In the (official) file wiring_shift.c I found the following code for shiftOut:

void shiftOut(uint8_t dataPin, uint8_t clockPin, uint8_t bitOrder, uint8_t val)
    uint8_t i;

    for (i = 0; i < 8; i++)  {
        if (bitOrder == LSBFIRST)
            digitalWrite(dataPin, !!(val & (1 << i)));
            digitalWrite(dataPin, !!(val & (1 << (7 - i))));

        digitalWrite(clockPin, HIGH);
        digitalWrite(clockPin, LOW);        

However, the last two digitalWrite commands occur directly after each other. I wouldn't hope that digitalWrite depends on some time or delay, so how can it be assumed that the slave device sees the clockPin is HIGH if the Arduino immediately sets the clockPin to LOW again?

(My plan is to convert the shiftIn/shiftOut code to STM32 using HAL/CubeIDE).

1 Answer 1


Some time ago, I timed digitalWrite() and direct port write commands by looping over 10,000 executions of each and timing them with millis(). I made both tests on a 16MHz Atmega 328p at 16MHz.

For digitalWrite(13, LOW), I got 2.7usec / call.
For PORTB &= 0x20;, I got 0.15usec / statement. (The direct port access was executed 10 times within the loop to further pad it out for the millis() result to have any significance.)

[In my notes I wrote that I timed PORTB &= 0x20;, but the correct equivalent to the digitalWrite() version is PORTB &= ~0x20;. That is probably what I actually did, but note that the bit-mask would be generated at compile time, so either way should have produced the same result.]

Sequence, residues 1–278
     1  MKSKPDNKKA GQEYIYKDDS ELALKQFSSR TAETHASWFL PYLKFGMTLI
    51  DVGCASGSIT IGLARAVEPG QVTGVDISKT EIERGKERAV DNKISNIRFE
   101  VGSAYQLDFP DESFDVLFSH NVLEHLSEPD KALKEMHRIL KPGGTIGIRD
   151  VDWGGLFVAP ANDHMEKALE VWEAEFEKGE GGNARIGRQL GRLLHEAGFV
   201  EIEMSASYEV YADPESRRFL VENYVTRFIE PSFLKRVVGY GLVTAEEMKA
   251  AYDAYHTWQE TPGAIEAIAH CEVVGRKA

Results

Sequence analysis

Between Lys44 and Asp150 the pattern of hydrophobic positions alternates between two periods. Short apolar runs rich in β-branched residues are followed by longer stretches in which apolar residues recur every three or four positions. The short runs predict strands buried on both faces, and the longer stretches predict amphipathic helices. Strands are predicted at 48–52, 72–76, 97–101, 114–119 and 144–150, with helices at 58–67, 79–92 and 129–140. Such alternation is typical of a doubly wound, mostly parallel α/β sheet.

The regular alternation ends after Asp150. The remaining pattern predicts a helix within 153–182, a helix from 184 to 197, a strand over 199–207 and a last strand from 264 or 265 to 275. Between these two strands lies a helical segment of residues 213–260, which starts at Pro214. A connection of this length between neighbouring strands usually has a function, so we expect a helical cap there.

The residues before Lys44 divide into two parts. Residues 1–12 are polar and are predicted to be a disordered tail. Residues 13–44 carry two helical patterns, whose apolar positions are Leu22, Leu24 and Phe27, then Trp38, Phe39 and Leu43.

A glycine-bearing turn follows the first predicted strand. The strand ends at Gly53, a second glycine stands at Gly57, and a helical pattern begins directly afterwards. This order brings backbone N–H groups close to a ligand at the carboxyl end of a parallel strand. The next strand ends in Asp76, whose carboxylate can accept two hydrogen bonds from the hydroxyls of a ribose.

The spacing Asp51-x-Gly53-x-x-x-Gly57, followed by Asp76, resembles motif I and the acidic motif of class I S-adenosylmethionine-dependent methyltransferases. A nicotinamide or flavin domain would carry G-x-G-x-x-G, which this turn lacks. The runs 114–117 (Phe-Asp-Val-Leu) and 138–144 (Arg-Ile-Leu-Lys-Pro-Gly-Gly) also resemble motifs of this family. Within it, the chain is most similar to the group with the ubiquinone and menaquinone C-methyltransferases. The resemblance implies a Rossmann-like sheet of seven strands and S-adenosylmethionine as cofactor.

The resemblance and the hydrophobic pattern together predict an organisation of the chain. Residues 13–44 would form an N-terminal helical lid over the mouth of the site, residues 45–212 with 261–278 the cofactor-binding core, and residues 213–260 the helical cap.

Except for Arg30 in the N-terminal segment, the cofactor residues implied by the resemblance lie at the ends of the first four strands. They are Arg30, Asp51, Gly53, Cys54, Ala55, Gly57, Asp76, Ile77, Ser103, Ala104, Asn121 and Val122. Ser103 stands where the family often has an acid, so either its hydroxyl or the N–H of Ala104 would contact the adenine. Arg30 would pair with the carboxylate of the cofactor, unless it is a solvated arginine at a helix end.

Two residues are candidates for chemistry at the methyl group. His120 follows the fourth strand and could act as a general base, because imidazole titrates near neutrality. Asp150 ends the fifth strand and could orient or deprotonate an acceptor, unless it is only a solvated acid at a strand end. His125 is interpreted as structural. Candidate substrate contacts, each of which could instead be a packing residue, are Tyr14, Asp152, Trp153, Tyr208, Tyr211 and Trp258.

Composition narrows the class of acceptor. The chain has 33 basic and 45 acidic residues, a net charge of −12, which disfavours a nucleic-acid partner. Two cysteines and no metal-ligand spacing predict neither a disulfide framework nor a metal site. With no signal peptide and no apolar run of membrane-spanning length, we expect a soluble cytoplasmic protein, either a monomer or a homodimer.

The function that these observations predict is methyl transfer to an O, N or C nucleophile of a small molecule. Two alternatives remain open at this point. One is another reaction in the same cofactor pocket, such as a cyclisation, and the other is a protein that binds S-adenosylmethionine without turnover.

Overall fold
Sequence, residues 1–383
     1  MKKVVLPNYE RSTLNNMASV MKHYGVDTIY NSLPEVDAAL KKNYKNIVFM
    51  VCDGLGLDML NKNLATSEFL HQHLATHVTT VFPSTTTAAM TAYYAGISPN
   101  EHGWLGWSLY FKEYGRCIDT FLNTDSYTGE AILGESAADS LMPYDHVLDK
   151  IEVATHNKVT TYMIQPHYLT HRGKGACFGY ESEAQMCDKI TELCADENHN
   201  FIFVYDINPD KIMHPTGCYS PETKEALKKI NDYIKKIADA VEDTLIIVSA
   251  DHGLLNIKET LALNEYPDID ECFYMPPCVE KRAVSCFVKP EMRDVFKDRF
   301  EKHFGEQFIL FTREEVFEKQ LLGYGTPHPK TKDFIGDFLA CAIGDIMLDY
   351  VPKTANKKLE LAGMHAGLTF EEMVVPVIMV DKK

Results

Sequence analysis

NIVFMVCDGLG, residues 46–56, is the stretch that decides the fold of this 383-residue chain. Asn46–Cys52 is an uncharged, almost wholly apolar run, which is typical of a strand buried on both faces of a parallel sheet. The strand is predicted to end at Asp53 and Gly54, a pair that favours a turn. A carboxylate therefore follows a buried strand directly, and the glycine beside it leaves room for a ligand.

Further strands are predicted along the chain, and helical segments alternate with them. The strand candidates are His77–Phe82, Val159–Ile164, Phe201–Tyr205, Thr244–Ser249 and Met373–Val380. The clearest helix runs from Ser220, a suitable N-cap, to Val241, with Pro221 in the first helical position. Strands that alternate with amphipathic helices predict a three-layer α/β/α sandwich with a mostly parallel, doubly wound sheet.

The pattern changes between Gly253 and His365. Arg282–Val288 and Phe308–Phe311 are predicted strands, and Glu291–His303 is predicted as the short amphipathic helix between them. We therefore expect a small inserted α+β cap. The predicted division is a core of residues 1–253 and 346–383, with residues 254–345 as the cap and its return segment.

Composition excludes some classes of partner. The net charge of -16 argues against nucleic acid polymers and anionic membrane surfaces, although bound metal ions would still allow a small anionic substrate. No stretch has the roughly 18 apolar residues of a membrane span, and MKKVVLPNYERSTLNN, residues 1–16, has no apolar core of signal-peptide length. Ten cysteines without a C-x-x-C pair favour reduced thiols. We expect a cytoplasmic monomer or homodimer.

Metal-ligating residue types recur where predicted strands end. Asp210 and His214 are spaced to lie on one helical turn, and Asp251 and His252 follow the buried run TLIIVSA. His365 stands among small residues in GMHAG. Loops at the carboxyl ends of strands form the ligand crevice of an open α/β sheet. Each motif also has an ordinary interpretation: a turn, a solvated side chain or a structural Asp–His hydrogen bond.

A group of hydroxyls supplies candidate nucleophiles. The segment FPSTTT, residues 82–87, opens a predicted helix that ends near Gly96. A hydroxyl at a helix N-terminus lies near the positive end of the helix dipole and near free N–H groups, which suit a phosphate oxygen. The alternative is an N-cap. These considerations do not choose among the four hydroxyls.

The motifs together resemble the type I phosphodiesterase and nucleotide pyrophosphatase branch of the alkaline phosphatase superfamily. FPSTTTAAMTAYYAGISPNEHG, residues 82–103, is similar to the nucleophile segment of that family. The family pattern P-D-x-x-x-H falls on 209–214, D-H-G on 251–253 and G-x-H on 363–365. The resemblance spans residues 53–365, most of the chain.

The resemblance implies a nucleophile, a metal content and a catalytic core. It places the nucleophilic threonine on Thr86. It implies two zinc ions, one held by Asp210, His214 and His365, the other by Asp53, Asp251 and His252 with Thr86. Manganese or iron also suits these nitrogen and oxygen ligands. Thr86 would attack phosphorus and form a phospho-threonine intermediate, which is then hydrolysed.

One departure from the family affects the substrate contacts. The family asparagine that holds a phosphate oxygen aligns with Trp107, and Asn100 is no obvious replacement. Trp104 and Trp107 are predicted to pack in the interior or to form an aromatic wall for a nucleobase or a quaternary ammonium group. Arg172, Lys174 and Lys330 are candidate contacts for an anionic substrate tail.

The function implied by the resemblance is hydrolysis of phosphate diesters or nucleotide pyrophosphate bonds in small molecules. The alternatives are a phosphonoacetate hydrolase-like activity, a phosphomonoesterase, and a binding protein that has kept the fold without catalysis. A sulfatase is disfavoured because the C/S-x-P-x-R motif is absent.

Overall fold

how can it be assumed that the slave device sees the clockPin is HIGH

It would depend on the specifics of the slave, but it is quite likely triggered by a pulse, rather than polling its input until it finds a high-level.

Update: To confirm my timing data, I redid my 2.5-years-ago experiment. I put 10 statements in each of 2 loops of 10,000 iterations, either:

digitalWrite(13, LOW);


PORTB &= ~0x20;

And got these total times in msec for the 100,000 executions:

digitalWrite(): 305 // digitalWrite(13, LOW); PORTB (correct): 15 // PORTB &= ~0x20;

These translate to single execution times in 10s of nanoseconds:
3050 nsec == 3.05 usec for the function call,
150 nsec for direct port I/O, making port I/O about 20x faster.

  • 1
    Re “either way should have produced the same result”: Not really. The compiler can see that PORTB &= ~0x20; affects a single bit, and compiles that to a single cbi instruction that executes in 2 CPU cycles (0.125 µs @ 16 MHz). PORTB &= 0x20; is likely going to give you a 3-cycle read-modify-write sequence (0.1875 µs). Commented Jan 26, 2020 at 17:26
  • Back to the drawing board... :)
    – JRobert
    Commented Jan 26, 2020 at 18:21
  • @JRobert thanks for the explanation, the first part I knew (kind of), but the second really answers my question exactly. I know that for timing mostly an IC checks the middle of a fixed state (either high or low), but if it triggers for an edge, yes, than it doesn't matter (as long as of course the IC has the time to get fully HIGH for a rising edge or fully DOWN for a falling edge, but I'm sure that's in the ns scale). Commented Jan 26, 2020 at 21:00

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